The hard value of soft skills


Much has been written in the national press about the Girls’ Schools Association Head’s conference held last week in Newcastle where Head of the GSA, Hilary French asserted that the ability to filter ideas and knowledge and to practise what we misguidedly call the ‘soft skills’ are fast becoming bigger educational must haves than a string of top examination results. She went on to argue, “I’m beginning to think that ‘soft skills’ is a complete misnomer. What exactly is soft about being able to demonstrate resilience, leadership, integrity, confidence, independent thinking and compassion? What is soft about having the skill to communicate, to keep actively learning and adapting to the world around you?”

We certainly are living in times of great technological change that is impacting on education far more than it ever has done. The top ten fastest growing jobs today did not exist six years ago.  It is therefore imperative that as Heads we consider, very seriously, how we educate the girls today for a very different world to the one in which we grew up. The workplace is so full of new sectors and rapidly changing technologies that there is a growing recognition that education needs to teach the girls more about resilience and flexibility in their thinking so that they can adapt to the changing job market rather than focusing only on the mastery of knowledge. It is our role to ensure that the girls can position themself at the front of the wave of change, embracing and welcoming ideas.

Like the educational pioneers who set up the foundations of Bedford Girls’ School over 130 years ago, we are also living in times of immense social change. Above all else, schooling in the 19th century sought to prepare pupils for their future roles in the industrial age. Ken Robinson articulated this brilliantly during his 2010 TED talk on changing educational paradigms: Bring on the Learning Revolution. At the GSA conference we were encouraged to see a new model of education for the 21st century.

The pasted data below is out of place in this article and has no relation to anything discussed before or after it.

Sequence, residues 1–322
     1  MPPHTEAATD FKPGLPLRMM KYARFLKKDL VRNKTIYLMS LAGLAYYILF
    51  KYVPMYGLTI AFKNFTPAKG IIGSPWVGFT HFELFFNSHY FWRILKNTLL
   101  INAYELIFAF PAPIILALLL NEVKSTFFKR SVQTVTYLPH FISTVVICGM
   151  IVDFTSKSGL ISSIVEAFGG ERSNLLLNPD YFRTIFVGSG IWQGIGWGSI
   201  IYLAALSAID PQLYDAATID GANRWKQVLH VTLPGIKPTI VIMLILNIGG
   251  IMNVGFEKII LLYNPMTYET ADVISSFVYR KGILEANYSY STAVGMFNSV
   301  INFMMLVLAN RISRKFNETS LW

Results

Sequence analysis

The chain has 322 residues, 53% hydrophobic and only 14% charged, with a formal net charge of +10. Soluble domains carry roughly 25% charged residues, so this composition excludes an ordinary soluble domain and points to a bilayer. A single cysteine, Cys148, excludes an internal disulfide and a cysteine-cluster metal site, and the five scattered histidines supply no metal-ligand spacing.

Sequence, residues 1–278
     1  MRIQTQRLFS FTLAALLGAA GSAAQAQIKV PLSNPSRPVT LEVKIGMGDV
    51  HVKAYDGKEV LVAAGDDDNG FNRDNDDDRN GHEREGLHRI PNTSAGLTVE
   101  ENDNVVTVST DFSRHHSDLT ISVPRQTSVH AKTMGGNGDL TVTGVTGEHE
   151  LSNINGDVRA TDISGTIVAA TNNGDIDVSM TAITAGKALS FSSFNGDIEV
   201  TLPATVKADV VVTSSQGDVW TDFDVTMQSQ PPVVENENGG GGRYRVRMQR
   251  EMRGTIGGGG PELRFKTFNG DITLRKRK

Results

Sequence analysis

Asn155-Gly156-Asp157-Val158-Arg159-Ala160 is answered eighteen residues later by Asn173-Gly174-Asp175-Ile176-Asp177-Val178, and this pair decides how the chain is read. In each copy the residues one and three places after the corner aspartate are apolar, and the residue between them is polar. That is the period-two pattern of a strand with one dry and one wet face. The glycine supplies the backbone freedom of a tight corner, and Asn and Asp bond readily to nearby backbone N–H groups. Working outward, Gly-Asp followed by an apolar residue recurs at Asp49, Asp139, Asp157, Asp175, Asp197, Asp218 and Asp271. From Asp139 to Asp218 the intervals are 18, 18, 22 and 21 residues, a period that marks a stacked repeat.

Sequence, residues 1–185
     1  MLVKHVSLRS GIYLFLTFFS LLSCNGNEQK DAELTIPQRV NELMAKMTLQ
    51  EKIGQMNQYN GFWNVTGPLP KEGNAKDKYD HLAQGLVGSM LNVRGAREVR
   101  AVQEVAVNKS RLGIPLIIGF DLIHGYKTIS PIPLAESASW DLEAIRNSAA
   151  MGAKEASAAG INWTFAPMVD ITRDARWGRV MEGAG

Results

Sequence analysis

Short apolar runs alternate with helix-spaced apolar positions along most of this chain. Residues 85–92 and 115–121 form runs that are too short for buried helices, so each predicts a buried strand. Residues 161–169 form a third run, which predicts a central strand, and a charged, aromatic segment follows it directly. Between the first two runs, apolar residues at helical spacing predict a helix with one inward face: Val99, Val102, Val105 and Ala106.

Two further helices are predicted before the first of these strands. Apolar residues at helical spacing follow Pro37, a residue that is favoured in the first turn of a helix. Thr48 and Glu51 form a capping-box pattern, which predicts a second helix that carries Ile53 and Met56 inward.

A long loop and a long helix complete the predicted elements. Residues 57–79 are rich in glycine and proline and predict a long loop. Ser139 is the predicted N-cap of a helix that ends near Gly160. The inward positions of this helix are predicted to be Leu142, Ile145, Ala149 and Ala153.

With knowledge and facts at the girls’ finger tips, courtesy of technology there is scope for education to become a more philosophical process, focusing on the value and role of the individual. This means valuing what each of us as individuals can do. Which educational philosophy is more permanent in this new era of change? One that seeks to educate everyone to the same benchmark, filling each and every pupil with an identikit tool kit of knowledge for a bygone industrial age or one that plays to the strengths of pupils as unique individuals and equips them with a diverse skillset and highly personable attributes, alongside academic success? In our brave new world, where change is so rapid and the world is at our fingertips, the value of the latter must surely be greater?    

At BGS we strive to do just that. We focus on the individual girl, creating an environment in which she can flourish. Giving her skills, opportunities and experiences that help her cope with the ever changing world ahead. Hillary French emphasised in her speech that society needed caring, compassionate citizens who can take responsibility and make a valuable contribution to their community. I could not agree more. I want our girls to be outward looking, open to change and most importantly I want them to go out and make a difference to other people’s lives.

As I left Newcastle I stopped off and admired Anthony Gormley’s Angel of the North. I was reminded of his vision in the creation of this masterpiece which was to grasp the transition from an industrial to information age, and serve as a focus for our evolving hopes and fears. How appropriate that the GSA Heads’ Conference was addressing these same ideals.

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